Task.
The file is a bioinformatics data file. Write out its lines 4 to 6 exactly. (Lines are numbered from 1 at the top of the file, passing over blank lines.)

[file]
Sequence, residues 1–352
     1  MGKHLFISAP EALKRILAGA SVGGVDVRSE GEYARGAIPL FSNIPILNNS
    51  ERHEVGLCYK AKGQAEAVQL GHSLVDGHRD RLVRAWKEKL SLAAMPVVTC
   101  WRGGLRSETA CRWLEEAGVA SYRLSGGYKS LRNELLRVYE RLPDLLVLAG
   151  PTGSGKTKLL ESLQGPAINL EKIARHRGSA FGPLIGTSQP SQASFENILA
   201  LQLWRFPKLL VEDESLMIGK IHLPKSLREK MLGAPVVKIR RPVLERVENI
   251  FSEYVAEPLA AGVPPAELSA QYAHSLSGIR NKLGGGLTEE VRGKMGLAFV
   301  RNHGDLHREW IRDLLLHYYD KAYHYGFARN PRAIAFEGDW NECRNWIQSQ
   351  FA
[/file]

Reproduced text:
   101  WRGGLRSETA CRWLEEAGVA SYRLSGGYKS LRNELLRVYE RLPDLLVLAG
   151  PTGSGKTKLL ESLQGPAINL EKIARHRGSA FGPLIGTSQP SQASFENILA
   201  LQLWRFPKLL VEDESLMIGK IHLPKSLREK MLGAPVVKIR RPVLERVENI